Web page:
I don't understand the following Debounce code. (The complete code is at the bottom.) From what I understand, when the pin reads something, we wait at least 50 milliseconds before performing anything. But doesn't the reading variable get reset every loop iteration, so reading equals zero in the inner if-condition in every iteration.

What I think is the sequence of events: loop(), loop(), loop(), "loop(), button press, reading=1, set lastDebounceTime, first if condition fails because we have to wait, set lastButtonState=1", loop(), loop(),loop(),"loop() enough time has passed, but since no button press at in this iteration and the last few, reading and lastButtonState equal zero", loop(), ... .

However, this code works.

Why do we save reading in a local variable? Won't the code virtually always be this, then:

if (reading != lastButtonState) {
    // reset the debouncing timer
    lastDebounceTime = millis();

  if ((millis() - lastDebounceTime) > debounceDelay) {
    // whatever the reading is at, it's been there for longer than the debounce
    // delay, so take it as the actual current state:

    // if the button state has changed:
    if 0 != buttonState) {
      buttonState = 0;


Entire code:


  Each time the input pin goes from LOW to HIGH (e.g. because of a push-button
  press), the output pin is toggled from LOW to HIGH or HIGH to LOW. There's a
  minimum delay between toggles to debounce the circuit (i.e. to ignore noise).

  The circuit:
  - LED attached from pin 13 to ground
  - pushbutton attached from pin 2 to +5V
  - 10 kilohm resistor attached from pin 2 to ground

  - Note: On most Arduino boards, there is already an LED on the board connected
    to pin 13, so you don't need any extra components for this example.

  created 21 Nov 2006
  by David A. Mellis
  modified 30 Aug 2011
  by Limor Fried
  modified 28 Dec 2012
  by Mike Walters
  modified 30 Aug 2016
  by Arturo Guadalupi

  This example code is in the public domain.


// constants won't change. They're used here to set pin numbers:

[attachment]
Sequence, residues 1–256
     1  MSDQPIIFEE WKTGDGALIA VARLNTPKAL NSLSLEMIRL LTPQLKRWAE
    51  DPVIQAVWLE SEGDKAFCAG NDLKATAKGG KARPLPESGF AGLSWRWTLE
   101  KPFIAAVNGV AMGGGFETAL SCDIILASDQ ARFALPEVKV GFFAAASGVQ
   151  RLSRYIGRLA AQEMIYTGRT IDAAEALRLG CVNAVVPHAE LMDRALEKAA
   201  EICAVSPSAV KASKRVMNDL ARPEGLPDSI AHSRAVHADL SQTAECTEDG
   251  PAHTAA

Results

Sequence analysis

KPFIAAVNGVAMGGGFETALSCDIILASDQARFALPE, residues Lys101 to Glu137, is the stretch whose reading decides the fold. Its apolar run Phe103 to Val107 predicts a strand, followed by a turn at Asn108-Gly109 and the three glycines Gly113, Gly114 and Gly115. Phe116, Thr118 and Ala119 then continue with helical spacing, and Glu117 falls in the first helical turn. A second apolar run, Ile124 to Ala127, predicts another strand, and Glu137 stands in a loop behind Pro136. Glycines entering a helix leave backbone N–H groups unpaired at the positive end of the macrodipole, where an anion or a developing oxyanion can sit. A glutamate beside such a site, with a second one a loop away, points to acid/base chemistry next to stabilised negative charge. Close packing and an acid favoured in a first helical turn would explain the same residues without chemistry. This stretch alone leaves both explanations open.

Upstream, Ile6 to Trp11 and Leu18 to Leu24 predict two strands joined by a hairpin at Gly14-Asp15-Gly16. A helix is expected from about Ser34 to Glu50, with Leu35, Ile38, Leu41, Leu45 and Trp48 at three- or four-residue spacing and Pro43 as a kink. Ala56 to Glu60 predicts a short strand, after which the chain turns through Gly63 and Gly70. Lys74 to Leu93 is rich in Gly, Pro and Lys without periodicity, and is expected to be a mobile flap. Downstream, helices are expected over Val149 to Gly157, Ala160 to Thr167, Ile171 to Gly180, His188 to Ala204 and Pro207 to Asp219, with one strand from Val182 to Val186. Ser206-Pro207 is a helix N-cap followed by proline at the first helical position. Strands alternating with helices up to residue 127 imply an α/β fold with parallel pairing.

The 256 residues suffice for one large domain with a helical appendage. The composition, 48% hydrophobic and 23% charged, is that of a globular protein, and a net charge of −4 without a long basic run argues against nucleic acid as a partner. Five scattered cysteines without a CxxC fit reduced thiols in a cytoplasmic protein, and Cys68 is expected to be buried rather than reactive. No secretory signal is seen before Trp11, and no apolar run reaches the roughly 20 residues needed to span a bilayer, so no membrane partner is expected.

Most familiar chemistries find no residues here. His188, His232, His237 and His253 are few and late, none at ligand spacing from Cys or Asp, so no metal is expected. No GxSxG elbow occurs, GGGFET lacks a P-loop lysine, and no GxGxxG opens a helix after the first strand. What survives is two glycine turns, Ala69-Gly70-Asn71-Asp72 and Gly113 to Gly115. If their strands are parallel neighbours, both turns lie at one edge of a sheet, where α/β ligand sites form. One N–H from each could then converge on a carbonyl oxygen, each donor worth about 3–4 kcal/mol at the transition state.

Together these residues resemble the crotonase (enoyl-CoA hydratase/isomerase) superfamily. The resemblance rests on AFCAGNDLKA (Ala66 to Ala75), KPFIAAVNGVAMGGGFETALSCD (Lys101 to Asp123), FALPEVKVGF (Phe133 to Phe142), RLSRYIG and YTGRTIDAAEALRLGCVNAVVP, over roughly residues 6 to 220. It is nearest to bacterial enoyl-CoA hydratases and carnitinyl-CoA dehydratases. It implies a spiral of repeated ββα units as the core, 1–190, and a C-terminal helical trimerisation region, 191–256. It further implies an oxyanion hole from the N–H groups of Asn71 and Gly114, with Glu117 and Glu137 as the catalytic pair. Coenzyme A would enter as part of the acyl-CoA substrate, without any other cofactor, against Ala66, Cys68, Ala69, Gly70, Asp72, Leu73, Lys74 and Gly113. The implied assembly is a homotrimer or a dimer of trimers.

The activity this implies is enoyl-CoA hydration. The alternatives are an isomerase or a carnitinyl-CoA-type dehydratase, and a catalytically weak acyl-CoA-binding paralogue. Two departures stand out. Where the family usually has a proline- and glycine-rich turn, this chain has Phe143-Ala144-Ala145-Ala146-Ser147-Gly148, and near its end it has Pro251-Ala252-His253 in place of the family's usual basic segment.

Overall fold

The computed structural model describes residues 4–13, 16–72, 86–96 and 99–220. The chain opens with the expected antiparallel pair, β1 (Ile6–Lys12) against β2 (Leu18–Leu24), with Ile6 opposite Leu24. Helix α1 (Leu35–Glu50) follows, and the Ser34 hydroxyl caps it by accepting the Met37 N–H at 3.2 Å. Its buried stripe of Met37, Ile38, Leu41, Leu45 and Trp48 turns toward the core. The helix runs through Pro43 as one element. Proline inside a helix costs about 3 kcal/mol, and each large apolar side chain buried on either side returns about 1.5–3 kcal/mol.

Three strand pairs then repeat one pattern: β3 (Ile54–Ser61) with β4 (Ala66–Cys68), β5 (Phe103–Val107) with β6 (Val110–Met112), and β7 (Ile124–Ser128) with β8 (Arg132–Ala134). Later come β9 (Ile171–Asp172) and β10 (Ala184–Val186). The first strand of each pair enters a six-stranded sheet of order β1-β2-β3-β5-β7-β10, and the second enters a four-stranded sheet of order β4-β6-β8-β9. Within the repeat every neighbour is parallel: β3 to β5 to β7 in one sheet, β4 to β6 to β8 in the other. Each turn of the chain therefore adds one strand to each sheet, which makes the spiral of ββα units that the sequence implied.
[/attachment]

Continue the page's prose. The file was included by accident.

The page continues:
const int buttonPin = 2;    // the number of the pushbutton pin
const int ledPin = 13;      // the number of the LED pin

// Variables will change:
int ledState = HIGH;         // the current state of the output pin
int buttonState;             // the current reading from the input pin
int lastButtonState = LOW;   // the previous reading from the input pin

// the following variables are unsigned longs because the time, measured in
// milliseconds, will quickly become a bigger number than can be stored in an int.
unsigned long lastDebounceTime = 0;  // the last time the output pin was toggled
unsigned long debounceDelay = 50;    // the debounce time; increase if the output flickers

void setup() {
  pinMode(buttonPin, INPUT);
  pinMode(ledPin, OUTPUT);

  // set initial LED state
  digitalWrite(ledPin, ledState);

void loop() {
  // read the state of the switch into a local variable:
  int reading = digitalRead(buttonPin);

  // check to see if you just pressed the button
  // (i.e. the input went from LOW to HIGH), and you've waited long enough
  // since the last press to ignore any noise:

  // If the switch changed, due to noise or pressing:
  if (reading != lastButtonState) {
    // reset the debouncing timer
    lastDebounceTime = millis();

  if ((millis() - lastDebounceTime) > debounceDelay) {
    // whatever the reading is at, it's been there for longer than the debounce
    // delay, so take it as the actual current state:

    // if the button state has changed:
    if (reading != buttonState) {
      buttonState = reading;